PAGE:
According to Harvey, the process takes at least 18 months of serious effort and only a handful of South African businesses are currently PCI certified. To achieve compliance, Harvey says PayGate had to demonstrate that hundreds of controls were in place, ranging from firewalls, intrusion detection and file integrity management, through to staff training and the physical security of its offices and data centre.

PayGate’s experience clearly highlights the fact that protecting PI is not just a matter of IT security. Its protection clearly also extends into physical access control.

Understanding the threats to PI

It’s certainly not difficult for an organisation to “identify all reasonably foreseeable internal and external risks to personal information in its possession”. Research into the theft of PI is extensive, credible and readily available. For example, the annual Data Breach Investigations Report (DBIR) from Verizon has become a benchmark study into corporate data breaches, based on investigations into over 1700 real-life incidents in the past seven years.

The 2012 Report covers 855 breaches in which over 174 million PI records were compromised. It shows that abuse of IT access credential featured in 53% of the breaches – split between exploitation of default, or guessable credentials at 29% and the use of stolen login credentials at 24%.

As in every previous DBIR, the exploitation of credentials is cited as by far the leading ‘threat-action’ in these breaches.

Gaping loophole in corporate security

The abuse of conventional security credentials is so widespread, so well-documented and so frequent that it completely undermines the integrity of any system that uses them. The fact that anyone – absolutely anyone – can use your card, PIN or password is all the evidence that should be needed to illustrate their futility as a security measure.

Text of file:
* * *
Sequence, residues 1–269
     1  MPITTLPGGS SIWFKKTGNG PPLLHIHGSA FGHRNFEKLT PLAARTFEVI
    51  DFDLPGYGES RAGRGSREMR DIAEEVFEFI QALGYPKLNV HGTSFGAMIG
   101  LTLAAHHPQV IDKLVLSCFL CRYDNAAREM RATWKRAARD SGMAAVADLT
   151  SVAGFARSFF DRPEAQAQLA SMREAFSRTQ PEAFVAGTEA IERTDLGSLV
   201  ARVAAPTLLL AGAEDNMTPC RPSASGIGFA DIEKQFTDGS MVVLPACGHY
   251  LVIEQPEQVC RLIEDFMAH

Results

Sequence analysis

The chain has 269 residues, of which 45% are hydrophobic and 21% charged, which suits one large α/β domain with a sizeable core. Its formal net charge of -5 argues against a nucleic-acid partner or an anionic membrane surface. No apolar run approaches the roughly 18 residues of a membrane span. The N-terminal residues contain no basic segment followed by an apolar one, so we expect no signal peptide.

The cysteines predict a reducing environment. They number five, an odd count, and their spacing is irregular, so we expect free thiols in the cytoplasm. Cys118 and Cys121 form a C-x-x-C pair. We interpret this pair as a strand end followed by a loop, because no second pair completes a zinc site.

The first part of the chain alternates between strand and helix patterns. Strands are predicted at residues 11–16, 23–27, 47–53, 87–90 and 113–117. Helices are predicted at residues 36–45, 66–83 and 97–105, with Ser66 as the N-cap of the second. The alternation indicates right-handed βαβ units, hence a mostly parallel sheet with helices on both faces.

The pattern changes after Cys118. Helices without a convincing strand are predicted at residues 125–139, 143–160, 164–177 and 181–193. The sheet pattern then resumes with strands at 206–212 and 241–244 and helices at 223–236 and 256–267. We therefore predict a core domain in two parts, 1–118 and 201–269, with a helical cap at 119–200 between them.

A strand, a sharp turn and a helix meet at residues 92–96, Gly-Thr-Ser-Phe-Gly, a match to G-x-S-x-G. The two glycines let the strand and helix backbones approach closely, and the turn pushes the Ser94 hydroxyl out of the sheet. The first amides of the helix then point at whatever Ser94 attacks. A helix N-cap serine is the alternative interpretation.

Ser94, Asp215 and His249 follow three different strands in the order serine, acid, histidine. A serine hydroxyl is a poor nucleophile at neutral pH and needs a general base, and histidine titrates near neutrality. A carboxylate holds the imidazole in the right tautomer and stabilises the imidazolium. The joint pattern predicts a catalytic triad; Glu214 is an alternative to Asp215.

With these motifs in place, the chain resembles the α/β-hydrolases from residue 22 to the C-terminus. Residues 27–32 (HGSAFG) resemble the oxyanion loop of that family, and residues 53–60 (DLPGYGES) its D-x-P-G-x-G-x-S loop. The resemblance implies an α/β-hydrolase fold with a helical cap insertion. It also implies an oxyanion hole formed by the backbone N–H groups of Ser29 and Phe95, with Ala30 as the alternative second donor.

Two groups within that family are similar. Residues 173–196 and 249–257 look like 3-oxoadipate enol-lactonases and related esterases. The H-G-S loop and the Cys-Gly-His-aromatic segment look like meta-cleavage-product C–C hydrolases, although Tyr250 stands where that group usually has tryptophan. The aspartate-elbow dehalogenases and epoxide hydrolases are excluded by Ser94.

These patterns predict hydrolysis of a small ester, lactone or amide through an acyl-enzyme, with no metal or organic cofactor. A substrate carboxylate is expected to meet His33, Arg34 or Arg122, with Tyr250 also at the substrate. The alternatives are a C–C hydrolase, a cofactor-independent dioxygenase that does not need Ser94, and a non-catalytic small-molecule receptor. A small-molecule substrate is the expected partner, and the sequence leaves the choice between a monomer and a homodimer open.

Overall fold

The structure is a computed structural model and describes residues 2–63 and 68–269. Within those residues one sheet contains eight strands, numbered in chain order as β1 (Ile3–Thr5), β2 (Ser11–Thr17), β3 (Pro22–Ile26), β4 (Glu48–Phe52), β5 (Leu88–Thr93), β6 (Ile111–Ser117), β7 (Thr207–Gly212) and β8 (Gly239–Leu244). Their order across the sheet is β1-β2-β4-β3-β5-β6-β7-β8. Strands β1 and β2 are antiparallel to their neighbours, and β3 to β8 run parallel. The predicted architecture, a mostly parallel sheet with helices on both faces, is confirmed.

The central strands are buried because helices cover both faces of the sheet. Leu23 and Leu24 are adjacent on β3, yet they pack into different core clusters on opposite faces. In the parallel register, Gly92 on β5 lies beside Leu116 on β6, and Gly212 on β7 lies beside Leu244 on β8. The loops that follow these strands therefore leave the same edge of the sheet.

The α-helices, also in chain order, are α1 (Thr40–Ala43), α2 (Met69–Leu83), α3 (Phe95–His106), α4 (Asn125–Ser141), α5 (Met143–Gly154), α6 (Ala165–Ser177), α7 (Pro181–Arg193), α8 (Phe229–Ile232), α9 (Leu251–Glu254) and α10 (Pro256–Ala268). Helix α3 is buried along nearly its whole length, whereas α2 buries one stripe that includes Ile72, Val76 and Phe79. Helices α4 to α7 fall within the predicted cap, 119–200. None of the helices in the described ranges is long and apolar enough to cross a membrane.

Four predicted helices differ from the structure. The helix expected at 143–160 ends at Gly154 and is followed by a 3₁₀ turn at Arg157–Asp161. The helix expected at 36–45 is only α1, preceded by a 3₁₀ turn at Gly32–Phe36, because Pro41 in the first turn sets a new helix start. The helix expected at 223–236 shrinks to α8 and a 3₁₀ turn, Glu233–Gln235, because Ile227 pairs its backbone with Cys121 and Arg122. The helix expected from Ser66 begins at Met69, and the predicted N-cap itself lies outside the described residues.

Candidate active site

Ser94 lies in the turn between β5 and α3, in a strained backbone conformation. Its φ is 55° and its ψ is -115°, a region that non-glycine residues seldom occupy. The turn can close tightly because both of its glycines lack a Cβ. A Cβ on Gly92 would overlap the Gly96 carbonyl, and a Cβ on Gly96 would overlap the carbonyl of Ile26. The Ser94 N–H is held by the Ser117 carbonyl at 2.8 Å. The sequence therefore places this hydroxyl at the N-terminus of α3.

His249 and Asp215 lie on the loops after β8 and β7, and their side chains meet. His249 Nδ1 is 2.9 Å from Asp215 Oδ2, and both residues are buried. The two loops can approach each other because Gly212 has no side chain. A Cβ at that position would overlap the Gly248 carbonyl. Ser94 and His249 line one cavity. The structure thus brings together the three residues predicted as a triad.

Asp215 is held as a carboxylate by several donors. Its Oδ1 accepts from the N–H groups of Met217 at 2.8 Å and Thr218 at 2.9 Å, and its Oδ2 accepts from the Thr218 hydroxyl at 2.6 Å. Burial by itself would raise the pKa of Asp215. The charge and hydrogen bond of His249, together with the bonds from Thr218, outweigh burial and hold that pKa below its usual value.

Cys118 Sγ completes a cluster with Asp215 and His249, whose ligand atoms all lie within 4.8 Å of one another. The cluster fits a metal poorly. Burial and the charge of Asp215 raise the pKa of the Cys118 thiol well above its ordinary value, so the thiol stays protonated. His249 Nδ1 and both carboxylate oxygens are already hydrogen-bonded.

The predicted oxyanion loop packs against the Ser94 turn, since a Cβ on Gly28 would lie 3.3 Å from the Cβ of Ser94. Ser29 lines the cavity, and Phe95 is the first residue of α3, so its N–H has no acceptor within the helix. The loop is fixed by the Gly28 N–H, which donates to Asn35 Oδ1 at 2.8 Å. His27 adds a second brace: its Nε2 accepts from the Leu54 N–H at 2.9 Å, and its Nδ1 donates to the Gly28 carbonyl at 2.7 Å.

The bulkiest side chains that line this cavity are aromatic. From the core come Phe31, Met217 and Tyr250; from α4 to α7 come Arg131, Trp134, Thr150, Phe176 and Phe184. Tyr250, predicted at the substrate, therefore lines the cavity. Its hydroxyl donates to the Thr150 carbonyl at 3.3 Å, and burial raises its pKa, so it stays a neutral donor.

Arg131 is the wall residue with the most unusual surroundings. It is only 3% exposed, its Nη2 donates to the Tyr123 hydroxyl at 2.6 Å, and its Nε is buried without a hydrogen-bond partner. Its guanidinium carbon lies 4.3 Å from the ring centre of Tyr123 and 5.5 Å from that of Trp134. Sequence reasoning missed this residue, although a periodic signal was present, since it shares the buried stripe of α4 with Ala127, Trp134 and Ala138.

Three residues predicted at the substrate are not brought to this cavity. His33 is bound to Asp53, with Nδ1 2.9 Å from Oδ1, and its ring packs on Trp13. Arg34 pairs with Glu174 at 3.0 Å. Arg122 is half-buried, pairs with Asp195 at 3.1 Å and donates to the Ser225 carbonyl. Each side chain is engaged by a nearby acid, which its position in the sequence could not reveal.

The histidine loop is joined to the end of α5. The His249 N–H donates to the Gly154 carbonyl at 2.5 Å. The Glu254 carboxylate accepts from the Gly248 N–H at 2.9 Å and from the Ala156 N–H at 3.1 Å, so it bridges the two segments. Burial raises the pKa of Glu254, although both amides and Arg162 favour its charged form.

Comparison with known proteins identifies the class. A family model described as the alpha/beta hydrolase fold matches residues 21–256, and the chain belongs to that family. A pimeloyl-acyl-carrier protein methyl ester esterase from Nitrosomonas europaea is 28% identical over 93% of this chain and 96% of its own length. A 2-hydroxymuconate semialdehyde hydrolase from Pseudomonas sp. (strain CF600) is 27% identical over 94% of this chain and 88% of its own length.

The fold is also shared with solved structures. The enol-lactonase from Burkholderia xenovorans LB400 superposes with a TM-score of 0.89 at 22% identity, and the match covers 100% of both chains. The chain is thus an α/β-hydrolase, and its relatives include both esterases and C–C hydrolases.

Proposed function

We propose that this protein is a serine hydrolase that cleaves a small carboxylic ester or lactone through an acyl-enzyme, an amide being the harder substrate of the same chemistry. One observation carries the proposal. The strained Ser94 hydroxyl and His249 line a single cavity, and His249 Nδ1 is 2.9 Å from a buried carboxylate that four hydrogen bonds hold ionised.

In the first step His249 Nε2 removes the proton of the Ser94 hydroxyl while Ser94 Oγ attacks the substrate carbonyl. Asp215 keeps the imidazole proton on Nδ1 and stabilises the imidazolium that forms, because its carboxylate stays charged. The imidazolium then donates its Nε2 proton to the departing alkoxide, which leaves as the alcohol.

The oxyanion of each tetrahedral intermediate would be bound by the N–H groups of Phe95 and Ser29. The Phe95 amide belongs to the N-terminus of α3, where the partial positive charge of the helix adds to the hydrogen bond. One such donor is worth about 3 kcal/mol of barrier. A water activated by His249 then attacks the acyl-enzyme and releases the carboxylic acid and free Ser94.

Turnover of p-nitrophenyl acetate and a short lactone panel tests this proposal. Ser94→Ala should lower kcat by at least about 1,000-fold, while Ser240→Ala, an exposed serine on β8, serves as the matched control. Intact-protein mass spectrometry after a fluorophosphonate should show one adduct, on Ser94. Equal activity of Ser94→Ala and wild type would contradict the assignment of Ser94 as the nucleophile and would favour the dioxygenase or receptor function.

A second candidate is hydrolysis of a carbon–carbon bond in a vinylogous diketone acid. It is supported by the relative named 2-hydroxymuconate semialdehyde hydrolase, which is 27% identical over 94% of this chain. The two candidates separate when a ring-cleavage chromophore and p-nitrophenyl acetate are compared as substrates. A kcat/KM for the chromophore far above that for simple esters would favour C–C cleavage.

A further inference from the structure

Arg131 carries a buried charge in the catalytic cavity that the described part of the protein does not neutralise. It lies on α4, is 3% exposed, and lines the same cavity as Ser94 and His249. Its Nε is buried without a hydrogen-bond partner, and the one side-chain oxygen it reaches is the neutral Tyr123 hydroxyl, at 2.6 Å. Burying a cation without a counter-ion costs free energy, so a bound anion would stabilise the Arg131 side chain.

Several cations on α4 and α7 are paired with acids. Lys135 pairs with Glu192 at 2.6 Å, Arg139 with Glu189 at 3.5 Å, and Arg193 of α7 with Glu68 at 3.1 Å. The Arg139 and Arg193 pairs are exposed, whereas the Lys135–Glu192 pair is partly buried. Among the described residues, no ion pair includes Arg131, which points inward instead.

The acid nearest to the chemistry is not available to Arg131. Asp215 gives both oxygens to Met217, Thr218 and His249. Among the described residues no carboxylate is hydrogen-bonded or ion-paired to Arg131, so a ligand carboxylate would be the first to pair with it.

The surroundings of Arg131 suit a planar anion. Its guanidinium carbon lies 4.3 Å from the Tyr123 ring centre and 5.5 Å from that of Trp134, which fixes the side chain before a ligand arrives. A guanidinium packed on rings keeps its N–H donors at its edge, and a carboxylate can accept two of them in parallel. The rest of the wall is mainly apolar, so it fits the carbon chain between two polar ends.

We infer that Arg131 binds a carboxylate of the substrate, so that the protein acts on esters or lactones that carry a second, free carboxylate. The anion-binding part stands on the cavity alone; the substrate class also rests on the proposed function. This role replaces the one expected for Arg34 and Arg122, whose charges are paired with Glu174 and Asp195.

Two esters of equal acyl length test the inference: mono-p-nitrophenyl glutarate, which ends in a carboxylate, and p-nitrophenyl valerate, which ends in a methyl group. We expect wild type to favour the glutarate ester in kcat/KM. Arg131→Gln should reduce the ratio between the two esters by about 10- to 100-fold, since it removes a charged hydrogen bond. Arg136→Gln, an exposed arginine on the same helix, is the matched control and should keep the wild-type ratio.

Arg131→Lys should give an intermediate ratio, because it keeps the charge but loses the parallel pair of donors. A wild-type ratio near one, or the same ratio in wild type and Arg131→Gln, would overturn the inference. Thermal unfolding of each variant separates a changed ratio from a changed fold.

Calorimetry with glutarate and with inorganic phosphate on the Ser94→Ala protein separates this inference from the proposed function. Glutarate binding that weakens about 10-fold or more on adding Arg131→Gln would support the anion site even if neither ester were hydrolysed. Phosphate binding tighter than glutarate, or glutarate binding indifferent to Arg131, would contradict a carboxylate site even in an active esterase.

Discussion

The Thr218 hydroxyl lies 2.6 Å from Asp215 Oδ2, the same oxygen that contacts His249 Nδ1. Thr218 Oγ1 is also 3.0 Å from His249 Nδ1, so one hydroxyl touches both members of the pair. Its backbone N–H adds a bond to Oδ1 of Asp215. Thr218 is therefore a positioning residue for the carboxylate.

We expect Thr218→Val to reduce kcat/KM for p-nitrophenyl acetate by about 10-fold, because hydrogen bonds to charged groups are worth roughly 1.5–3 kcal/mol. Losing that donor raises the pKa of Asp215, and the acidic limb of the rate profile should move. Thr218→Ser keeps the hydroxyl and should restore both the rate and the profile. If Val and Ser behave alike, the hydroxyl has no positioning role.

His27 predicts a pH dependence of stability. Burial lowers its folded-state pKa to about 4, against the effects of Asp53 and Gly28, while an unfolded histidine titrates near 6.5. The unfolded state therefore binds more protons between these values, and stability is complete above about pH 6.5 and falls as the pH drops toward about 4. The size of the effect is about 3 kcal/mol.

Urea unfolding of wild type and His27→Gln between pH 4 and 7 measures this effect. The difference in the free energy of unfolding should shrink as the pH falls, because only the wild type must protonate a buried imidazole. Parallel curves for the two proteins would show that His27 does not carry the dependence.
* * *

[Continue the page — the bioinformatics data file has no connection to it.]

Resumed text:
But who will shout out that the Emperor is wearing no clothes? And will their voice be heard? Any system built around CPPs is no more robust than a skilfully-balanced house of cards.

It’s almost certain that the first organisations to be charged for failing to comply with PoPI will be from the industry sectors most frequently robbed of the PI they hold – financial services, hospitality and retail. It’s equally certain that credential abuse will lie at the heart of this loss – beyond a shadow of a doubt that’s what all the research into such real-world breaches tells us.

Blinded by compliance

One consequence of the advent of PoPI is the birth of a mini-industry offering professional advice about PoPI and the requirements for compliance. From the big law firms, through to the major accountancy firms and management consultants, there’s a wealth of free and fee-based advice and best-practice information out there on all aspects of PoPI and its ramifications.